CCC Urges Stricter Enforcement of Laws to Protect Biodiversity

May 22, 2018 Tuesday

May 22, 2018. In observance of this year’s International Biological Diversity (IBD) Day on May 22, the Climate Change Commission (CCC) called on national and local authorities to strictly implement laws for the conservation of Philippine biodiversity, such as the Wildlife Resources Conservation and Protection Act of 2001 and the National Integrated Protected Areas System (NIPAS) Act of 1992.

With the theme of “Celebrating 25 Years of Action for Biodiversity”, this year’s IBD Day coincides with the 25th anniversary of the entry into force of the Convention on Biological Diversity (CBD) and highlights the progress made in the achievement of its objectives at the national and global levels.

“As the inevitable impacts of climate change are becoming more and more intense, the need for adaptation measures through our laws and other initiatives has also become more urgent. The Philippines is a mega biodiverse country, with millions of Filipinos dependent on our rich natural resources. It is therefore an imperative for us to build the resilience of our biodiversity against climate and disaster impacts,” said Climate Change Secretary Emmanuel De Guzman.

De Guzman also placed importance the value of convergence among various governance spheres at all levels and sectors in ensuring that our biodiversity, natural resources, ecosystems, and protected areas are sustainably developed and managed.

De Guzman also supported the call of Senator Loren Legarda to implement Ecosystems-based Adaptation (EbA), which includes the sustainable management, conservation, and restoration ecosystems, in order to enhance the resilience of our biodiversity against the impacts of climate change.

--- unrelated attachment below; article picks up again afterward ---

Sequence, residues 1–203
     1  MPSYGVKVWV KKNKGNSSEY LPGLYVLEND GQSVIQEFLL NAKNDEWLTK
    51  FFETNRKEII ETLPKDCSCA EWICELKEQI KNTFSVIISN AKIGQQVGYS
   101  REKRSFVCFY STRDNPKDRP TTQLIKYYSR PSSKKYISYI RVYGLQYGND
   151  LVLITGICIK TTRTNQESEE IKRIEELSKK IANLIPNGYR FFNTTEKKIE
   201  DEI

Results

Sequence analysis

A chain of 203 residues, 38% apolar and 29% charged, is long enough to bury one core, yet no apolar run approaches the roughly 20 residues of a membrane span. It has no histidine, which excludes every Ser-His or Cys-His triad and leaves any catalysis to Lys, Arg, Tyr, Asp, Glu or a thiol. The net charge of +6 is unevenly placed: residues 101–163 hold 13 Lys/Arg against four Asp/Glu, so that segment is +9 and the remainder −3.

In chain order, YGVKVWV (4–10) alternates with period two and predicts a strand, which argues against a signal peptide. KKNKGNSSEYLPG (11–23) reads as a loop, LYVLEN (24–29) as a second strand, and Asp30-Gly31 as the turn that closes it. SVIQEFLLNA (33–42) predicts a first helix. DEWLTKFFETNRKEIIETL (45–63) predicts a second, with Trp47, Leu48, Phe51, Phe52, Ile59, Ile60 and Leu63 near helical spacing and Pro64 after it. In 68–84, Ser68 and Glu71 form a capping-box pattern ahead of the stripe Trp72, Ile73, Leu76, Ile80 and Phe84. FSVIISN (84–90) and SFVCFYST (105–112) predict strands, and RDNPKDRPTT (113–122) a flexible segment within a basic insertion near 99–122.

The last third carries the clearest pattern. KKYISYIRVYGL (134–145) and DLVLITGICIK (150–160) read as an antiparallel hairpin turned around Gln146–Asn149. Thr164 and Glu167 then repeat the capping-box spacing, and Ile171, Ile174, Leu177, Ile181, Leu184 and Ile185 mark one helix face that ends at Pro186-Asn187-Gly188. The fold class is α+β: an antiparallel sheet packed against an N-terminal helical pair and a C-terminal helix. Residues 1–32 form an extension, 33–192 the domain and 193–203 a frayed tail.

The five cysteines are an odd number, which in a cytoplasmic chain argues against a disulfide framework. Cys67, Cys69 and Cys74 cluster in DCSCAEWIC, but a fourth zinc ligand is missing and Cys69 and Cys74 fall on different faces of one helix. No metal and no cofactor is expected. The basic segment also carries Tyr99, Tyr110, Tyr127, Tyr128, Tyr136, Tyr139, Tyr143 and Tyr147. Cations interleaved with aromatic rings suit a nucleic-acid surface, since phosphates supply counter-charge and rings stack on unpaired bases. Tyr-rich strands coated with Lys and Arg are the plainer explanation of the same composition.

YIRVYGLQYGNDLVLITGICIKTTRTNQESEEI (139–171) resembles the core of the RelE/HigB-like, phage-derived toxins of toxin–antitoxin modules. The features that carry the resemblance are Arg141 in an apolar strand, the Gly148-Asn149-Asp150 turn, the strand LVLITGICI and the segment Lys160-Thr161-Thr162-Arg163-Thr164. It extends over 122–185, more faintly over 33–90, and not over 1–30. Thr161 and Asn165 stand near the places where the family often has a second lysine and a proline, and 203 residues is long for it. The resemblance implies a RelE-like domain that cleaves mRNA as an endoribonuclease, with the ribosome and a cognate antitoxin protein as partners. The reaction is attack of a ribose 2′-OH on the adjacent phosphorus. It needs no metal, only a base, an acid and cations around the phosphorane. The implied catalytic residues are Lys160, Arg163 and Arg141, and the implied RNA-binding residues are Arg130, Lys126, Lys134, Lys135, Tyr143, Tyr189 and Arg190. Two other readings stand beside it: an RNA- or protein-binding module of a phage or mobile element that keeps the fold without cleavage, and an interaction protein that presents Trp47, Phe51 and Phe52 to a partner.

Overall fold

Among these EbA practices include the maintenance and/or restoration of mangroves and other coastal wetlands to reduce flooding and erosion; sustainable management of upland wetlands and floodplains for maintenance of water flow and quality; conservation and restoration of forests to stabilize land slopes and regulate water flows; establishment of diverse agroforestry systems to cope with increased risk from changed climatic conditions; and the conservation of agrobiodiversity to provide specific gene pools for crop and livestock adaptation to climate change.[1]

“Let us consider the case of Boracay, which was once considered as one of the world’s most beautiful islands but has fallen under serious threat because of human degradation and climate change. With the strong resolve from our government, we are slowly rebuilding Boracay back to its pristine state. When our country succeeds in enforcing our laws and maximizing our action in protecting our environment and addressing climate change, we can be certain that the Philippines will remain a natural wonder in the years and generations to come,” De Guzman concluded.


[1]Climate Change and Biodiversity. Convention of Biological Diversity.

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